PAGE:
The Japanese Film Festival comes to Kathmandu and PokharaTakaki and Akari are both introverted young children, both preferring to stay indoors in the library than outside in the playground. They become fast friends in primary school and soon realise that their relationship has evolved into something more than friendship.
Takaki and Akari are both introverted young children, both preferring to stay indoors in the library than outside in the playground. They become fast friends in primary school and soon realise that their relationship has evolved into something more than friendship. After graduating from primary school, Akari moves to a new city and the two begin writing letters to one another, but eventually start to drift apart. When Takaki learns that he too will be moving to a new city, Kagashima, on the other side of the country, he decides to go see Akari one final time. Despite a severe snowstorm that delays his train, Takaki and Akari finally meet and share their first kiss. They fall asleep in an abandoned shed and the next morning, Takaki leaves, comfortable in the memory of his first kiss with the girl he has come to love.
Thus ends the first episode of Makati Shinkai’s 5 Centimetres per Second. This anime film, divided into three episodes, centres around Takaki, as he grows from a young boy into a man, obsessed with the memory of his first love, Akari. Melancholy and slow, the film won numerous awards when it was first released. The beautiful animation led many to call Shinkai the next Miyazaki, after the legendary Hayao Miyazaki, director of films like Spirited Away, Princess Mononoke and Howl’s Moving Castle.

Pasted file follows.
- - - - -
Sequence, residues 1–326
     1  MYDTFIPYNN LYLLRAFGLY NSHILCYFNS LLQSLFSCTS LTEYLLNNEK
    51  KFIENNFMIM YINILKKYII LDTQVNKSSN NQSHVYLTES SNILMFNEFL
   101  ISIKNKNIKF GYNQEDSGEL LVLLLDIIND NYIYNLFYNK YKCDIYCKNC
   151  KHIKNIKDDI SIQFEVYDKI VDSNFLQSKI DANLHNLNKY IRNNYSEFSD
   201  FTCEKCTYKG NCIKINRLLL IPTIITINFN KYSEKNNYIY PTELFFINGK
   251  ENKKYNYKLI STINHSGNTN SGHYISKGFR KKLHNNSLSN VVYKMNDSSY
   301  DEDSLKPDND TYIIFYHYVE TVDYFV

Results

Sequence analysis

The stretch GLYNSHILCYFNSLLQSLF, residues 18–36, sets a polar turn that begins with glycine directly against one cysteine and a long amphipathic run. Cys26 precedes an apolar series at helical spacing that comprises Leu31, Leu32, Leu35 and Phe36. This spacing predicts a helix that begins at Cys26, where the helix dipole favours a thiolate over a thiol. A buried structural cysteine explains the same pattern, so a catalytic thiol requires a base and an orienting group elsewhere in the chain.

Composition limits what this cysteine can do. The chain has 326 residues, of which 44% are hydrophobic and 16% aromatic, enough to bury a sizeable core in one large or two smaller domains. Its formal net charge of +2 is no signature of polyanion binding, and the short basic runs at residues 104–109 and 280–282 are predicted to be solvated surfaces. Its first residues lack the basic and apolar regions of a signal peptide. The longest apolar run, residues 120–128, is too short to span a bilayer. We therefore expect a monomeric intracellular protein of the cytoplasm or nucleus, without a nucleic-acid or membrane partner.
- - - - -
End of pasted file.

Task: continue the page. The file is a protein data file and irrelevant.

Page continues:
Shinkai’s 5 Centimetres per Second, a seminal film in the evolution of Japanese animation, is part of the Japanese Film Festival, which will take place later this month in Kathmandu and Pokhara. The Japanese Embassy in Kathmandu in partnership with the Japan Foundation, is showcasing a collection of nine films that cut across genres, from the family-friendly Ninja Kids and the futuristic Time of Eve to the melancholy 5 Centimetres per Second and the dance anime Pop in Q. The films showcased draw on the rich history of Japanese cinema, where somber samurai dramas play alongside vibrant and bubbly anime films.
While the film festival is showcasing more recent work from a cross-section of directors that Nepali audiences might not be familiar with, it can serve as an introduction to Japanese cinema, whose films win plaudits across the world. The groundbreaking work of Akira Kurosawa, considered by many to be the greatest filmmaker of all time, paved the way for Japanese film’s entry into the global imagination. With celebrated films like Rashomon, Seven Samurai, Yojimbo and Kagemusha, Kurosawa’s filmmaking techniques and narrative flair went on to influence a generation of filmmakers, from Ingmar Bergman and Martin Scorcese to Satyajit Ray and Zhang Yimou.